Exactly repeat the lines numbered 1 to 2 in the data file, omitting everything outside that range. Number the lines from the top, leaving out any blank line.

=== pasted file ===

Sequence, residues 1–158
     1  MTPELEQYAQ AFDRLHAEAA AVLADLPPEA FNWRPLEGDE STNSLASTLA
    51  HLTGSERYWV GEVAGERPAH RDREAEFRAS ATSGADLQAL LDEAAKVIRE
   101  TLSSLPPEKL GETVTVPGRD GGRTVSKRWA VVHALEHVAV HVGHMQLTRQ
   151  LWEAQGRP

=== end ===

Sequence, residues 1–158
     1  MTPELEQYAQ AFDRLHAEAA AVLADLPPEA FNWRPLEGDE STNSLASTLA